When military recruiters visit a high school, they like to see students. When they visit Juneau-Douglas High School, they also see adults.
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Neither group of grownups likes to see the other. Founded by the Juneau chapter of Veterans for Peace, the Southeast Alaska Truth in Recruiting group has one purpose: "to make schools not conducive to military recruiters."
"Since the war started, we became aware of greater pressure to get people to join the military," said Amy Paige, a member of the group. "We believe schools are not the place to put pressure on people to join the military."
The anti-recruiters pass out literature warning students about the risks of service life - or service death.
Student opinion on the issue seems mixed.
"I don't think they (recruiters) should be here," said Lucas Merli, a 17-year-old junior. "I don't think they should be involved in school at all."
Tom Robinson Jr., a 16-year-old sophomore, says he is thinking about joining the Marine Corps.
"It's their job to get the word out," he said. "We definitely need more soldiers in the military."
Last week when an Air Force recruiter visited JDHS and set up an information table, the counter-recruiters set up a table of their own. Paige, the wife of a military veteran, was one of two staffing the table.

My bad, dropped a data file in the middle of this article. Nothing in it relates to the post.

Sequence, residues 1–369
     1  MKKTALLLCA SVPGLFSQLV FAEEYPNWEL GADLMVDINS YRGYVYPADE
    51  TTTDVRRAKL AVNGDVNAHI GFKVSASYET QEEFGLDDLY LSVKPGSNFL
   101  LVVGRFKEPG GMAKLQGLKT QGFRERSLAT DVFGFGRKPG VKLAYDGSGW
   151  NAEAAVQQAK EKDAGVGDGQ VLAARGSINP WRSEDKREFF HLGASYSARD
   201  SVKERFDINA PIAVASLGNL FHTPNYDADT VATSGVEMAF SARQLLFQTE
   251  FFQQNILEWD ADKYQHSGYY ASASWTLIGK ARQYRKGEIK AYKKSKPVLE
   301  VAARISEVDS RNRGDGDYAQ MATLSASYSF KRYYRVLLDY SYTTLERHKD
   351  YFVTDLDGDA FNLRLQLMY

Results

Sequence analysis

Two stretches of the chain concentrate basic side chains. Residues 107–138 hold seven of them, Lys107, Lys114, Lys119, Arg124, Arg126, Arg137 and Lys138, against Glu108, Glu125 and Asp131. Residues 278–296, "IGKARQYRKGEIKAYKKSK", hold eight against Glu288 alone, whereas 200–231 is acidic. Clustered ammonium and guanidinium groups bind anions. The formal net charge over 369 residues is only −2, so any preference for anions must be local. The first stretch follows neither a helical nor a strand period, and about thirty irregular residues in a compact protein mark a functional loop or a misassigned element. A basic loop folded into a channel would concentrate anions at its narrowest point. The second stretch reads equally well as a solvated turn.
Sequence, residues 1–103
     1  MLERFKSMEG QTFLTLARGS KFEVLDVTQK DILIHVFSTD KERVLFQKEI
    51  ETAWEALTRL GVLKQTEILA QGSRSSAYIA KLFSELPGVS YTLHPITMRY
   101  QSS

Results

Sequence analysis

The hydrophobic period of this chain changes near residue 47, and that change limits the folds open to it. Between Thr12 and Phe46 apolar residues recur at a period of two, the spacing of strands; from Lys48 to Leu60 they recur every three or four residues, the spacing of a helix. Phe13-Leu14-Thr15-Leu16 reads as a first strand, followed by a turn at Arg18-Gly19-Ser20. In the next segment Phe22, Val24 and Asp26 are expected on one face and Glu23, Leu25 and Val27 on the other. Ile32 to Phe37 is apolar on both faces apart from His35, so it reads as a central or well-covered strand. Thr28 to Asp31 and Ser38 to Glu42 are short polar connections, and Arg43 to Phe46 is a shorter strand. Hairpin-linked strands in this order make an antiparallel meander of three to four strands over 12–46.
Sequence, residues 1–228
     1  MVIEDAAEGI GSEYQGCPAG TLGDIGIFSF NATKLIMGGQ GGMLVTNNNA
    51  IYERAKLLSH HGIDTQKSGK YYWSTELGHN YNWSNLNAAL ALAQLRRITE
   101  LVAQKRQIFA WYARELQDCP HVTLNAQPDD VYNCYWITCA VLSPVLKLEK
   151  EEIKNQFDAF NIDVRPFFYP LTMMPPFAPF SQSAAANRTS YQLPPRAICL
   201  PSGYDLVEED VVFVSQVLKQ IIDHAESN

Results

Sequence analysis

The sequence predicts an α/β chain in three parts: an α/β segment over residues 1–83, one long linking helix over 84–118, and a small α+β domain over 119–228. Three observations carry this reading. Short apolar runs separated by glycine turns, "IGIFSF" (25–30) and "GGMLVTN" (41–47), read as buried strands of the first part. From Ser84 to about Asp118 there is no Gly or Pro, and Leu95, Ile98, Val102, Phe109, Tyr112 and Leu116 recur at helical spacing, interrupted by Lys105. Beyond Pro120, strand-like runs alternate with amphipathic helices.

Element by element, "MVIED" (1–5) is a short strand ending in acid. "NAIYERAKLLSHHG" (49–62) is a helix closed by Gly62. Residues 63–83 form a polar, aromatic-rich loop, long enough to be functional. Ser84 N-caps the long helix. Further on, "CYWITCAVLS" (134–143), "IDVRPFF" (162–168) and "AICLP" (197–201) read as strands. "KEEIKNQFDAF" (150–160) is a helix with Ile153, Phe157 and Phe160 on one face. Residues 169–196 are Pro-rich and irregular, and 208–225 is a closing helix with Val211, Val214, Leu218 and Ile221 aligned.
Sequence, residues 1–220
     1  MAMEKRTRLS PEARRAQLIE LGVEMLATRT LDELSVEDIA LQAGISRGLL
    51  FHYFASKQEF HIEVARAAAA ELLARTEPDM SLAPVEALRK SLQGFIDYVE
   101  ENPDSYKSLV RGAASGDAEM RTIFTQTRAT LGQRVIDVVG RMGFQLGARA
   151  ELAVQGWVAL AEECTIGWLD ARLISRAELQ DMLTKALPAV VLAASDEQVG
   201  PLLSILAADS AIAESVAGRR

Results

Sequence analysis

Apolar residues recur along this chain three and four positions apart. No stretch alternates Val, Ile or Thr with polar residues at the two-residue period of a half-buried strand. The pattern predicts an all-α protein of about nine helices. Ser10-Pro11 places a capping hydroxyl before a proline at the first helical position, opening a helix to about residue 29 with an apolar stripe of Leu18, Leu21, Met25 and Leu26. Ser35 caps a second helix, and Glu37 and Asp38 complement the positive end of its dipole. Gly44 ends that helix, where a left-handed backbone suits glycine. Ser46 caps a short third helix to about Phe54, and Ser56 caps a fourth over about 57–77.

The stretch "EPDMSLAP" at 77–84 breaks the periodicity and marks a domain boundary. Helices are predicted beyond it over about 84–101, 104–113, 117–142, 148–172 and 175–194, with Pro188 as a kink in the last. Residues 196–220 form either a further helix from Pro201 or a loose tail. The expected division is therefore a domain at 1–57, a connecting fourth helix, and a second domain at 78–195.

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While Paige stops short of claiming local recruiters lie, she claims there are "misrepresentations" in their program.
"Recruiters are under a lot of pressure to say anything to get kids to sign up," she said.
"They talk about job opportunities and may try to ensure they will get a job, but they can't promise that. They don't know what the military will need when that person graduates from boot camp. We want to make it clear to students that they be very careful before signing a contract."
Juneau recruiters say they support the group's right to free speech. But they also claim the anti-recruiters are misinformed or misleading.
"They hand out a lot of propaganda against the way the military recruits," said Sgt. 1st Class Richard Bielefeld, the Army's recruiter for Southeast Alaska. "A lot of what this group says is inaccurate.
"Their biggest lie is that we tell them (possible recruits) they won't go to war. We tell every individual there is a possibility they will go overseas," said Bielefeld, an Airborne Ranger with almost 16 years in the Army.
There is indeed pressure on recruiters, Bielefeld says. But he maintains that he does his job "by the book." During the last fiscal year, he brought 26 people into the Army from Southeast Alaska.
Bielefeld says that outside the high school, discussions with the group have become heated. Southeast Alaska Truth in Recruiting was an essential part in the Juneau School Board's decision to limit recruiters to three visits per service each year.
Will Morris may be contacted at email@example.com.
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